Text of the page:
As part of the itinerary for our Stratford culinary tour, me and a bunch of other food bloggers got to spend some face time with two of Perth County’s farmers, thanks to the Stratford Tourism Alliance and Savour Stratford. Early in the day, we visited the Manic Organic, Antony John at his certified organic produce farm, Soiled Reputation.
Founded in 1995, Soiled Reputation is run by Antony John and his wife Tina VandenHeuvel. The farm provides 50 varieties of gourmet greens and heirloom vegetables, grown in their greenhouses and 20 acres of land, to customers that include many of the region’s top restaurants. Antony spoke to us about the richness and variety of nutrients found in the soil in Perth county, comparing it to the soil found in Bordeaux growing regions. You can hear more from Antony’s chat in the video filmed by Suresh of Spotlight Toronto.
It was a lot of fun trekking through the farm while Antony spoke, stopping to listen to the sounds of the many species of wildlife that the land supports. After we stopped to pick some fragrant parsley to be used by Chef Neil Baxter in our barn lunch, we spent some time petting and feeding the farm’s lone donkey, Jesús, named for The Jesus in The Big Lebowski. We also paused to sniff at the aroma of the wild boar loin being spit-roasted for us, and for Antony to throw a few more logs on the fire.
The next stop on our tour was to the neighbouring de Martines family farm, home of Perth Pork Products. The de Martines’ farm has been in operation since the 1850′s, and has been selling pork direct since 1992. Like Soiled Reputation, Perth Pork Products provides many of Southern Ontario’s finest restaurants with succulent and humanely raised and slaughtered pork. Just try some of the pork bellies at The Hoof Café in Toronto to see what I mean.
On this farm, Fred de Martines, a certified Swine Specialist, along with his wife and kids, raise conventional hogs as well as Tamworth and Berkshire pigs, wild boar and crosses of the three. The Iron Age pigs are a cross of the Tamworth and boar, while the Stone Ages are a mix of boar and Berkshire. While we walked the farm, stopping to feed the boars their beloved black walnuts, Fred told to us with pride that none of his crops, used to feed the livestock, were from GMO seeds.
After our visit with Fred, we headed back to Soiled Reputation in anticipation of our lunch, made with ingredients from all of the food producers we’d met thus far. Lunch, accompanied by Malivoire Wines and Stratford Pilsner, was made by Chef Baxter (Chef de Cuisine at Rundles Restaurant in Stratford) and his two sous-chefs and served in Antony’s cool and spacious barn.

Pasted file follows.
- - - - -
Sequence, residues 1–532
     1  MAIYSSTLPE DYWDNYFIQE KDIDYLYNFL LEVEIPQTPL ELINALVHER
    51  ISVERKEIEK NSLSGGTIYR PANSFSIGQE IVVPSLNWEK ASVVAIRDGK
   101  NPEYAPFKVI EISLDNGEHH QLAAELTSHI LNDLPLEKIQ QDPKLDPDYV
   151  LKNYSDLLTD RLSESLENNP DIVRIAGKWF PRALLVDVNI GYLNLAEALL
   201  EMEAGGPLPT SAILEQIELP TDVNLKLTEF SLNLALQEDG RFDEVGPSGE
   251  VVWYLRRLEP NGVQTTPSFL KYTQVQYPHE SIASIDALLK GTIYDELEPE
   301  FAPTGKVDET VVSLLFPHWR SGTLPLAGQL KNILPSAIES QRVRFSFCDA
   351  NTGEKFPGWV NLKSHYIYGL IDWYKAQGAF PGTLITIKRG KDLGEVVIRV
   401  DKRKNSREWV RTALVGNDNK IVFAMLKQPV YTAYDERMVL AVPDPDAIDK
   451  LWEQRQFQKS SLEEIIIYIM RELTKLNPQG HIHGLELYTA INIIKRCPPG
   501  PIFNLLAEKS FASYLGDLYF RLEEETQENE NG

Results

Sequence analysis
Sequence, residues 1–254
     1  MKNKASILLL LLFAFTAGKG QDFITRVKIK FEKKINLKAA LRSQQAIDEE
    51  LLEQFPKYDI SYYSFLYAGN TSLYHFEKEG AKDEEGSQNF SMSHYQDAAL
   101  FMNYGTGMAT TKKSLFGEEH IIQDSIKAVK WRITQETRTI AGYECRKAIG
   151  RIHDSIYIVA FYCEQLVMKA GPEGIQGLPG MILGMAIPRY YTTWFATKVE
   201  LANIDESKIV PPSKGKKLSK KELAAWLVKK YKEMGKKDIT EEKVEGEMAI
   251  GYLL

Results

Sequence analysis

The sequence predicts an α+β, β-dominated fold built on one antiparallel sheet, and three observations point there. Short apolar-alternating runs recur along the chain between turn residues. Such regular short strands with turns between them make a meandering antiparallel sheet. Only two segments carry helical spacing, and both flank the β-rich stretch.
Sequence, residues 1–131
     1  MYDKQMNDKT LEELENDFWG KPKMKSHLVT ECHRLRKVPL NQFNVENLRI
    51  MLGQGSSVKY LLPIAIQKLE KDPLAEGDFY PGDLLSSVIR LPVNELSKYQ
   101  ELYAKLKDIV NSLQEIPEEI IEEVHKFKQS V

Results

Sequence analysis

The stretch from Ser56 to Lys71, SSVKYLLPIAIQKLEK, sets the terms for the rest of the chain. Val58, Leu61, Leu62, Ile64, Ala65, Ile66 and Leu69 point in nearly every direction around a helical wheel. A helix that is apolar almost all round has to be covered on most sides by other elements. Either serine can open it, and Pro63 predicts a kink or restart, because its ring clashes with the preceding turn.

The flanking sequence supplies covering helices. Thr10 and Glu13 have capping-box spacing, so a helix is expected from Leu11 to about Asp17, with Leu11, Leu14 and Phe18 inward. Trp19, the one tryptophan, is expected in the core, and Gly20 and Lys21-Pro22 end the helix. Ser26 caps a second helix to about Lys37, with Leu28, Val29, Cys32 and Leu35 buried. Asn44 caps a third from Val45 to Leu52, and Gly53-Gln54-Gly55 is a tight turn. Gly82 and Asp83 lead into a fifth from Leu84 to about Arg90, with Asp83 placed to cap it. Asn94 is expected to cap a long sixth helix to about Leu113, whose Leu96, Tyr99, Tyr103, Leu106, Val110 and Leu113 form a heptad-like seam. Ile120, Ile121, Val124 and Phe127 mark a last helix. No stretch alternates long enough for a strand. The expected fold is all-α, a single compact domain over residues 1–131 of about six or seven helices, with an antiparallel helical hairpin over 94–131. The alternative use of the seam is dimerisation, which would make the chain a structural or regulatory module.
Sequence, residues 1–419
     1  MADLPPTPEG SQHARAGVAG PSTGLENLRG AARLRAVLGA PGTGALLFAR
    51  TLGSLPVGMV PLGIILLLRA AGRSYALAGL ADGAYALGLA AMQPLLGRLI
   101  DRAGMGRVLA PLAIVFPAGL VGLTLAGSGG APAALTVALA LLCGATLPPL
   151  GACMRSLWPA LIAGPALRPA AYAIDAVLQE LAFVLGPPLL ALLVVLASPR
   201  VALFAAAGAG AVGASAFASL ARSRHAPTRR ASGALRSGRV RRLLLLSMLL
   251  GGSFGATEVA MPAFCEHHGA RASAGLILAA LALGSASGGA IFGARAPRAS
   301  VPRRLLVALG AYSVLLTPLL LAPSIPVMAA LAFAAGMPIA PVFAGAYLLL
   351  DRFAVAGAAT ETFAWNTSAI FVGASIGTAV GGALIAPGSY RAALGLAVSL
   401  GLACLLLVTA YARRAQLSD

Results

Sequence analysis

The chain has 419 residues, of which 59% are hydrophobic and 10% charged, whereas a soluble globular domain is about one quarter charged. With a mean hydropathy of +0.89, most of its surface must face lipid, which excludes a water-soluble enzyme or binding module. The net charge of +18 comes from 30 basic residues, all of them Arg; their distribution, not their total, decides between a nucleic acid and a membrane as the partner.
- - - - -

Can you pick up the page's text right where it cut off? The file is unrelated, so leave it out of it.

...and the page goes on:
The first course was Perth County asparagus salad with crispy eggs, wild arugula (all from Soiled Reputation) and shaved Monforte Toscano cheese. The egg from Antony’s hens was lightly breaded and deep fried and oozed out it’s brilliant sunshine yellow yolk onto the greens and asparagus, creating its own kind of creamy dressing for the salad. The asparagus, one of my favourite vegetables, were so fresh tasting and cooked to just crisp – exactly how I like them. The cheese added a light sharpness to the affair that was really pleasant.
The main course was spit-grilled de Martines’ wild boar on Soiled Reputation pea shoot spätzle and mustard seed jus. The meat was perfectly juicy with a surprising light flavour that was well served by the mild and tender mustard seeds. I could have eaten buckets of the spätzle. The pea shoots were amazing – so green tasting with a hint of pepperiness. I think every last one of us sopped up every drop of the jus with the delicious olive bread from Rundles.
To finish up our lunch, Chef Baxter served a Soiled Reputation rhubarb soup with rhubarb crush (like a sorbet), bits of softened rhubarb and fresh mint. It was a perfect ending to the meal; extraordinarily light and refreshing and highlighting the best aspects of the sweet-tart fruit.
Throughout the meal, we were serenaded by fellow farmer Derek Barnes, who generously took some time off from his own work to entertain us. The duet between he and Antony of Leonard Cohen’s Hallelujah led us into an informative and thorough tea workshop and tasting, led by certified tea sommelier Karen Hartwick. Accredited by the Specialty Tea Institute of New York, Karen instructed us on the qualities of five different Asian teas, from white to aged. Turns out I prefer the lighter taste of the organic white peony, and really reacted strongly (negatively) to the bitter, heavy tanins of the darker Yunan Gold tea.
Even taking into account the perfect weather, the gorgeous scenery, the cute animals and the outstanding food and drink, my favourite part of the day was listening to Antony, Fred and Karen talk about what they do, and what they produce. Beyond the clear passion each of these people had, the love that emanated from each of them when talking about vegetables, pigs, tea, and most importantly, the land that sustains all of these, was inspiring and, dammit yes, heart-warming. So, for the passion, the love, the care, the food, and the sharing spirit of everyone we met, I offer my thanks. Keep on doing what you do.
OPP (Other People’s Posts)
- My photos are finally up!
- Community Foodist (aka Foodie411)
- Toronto Tasting Notes
- A second and third post from Eat. Live. Travel. Write
- Posts One and Two from Chronicles of a Food Junkie
- The Local-Come-Lately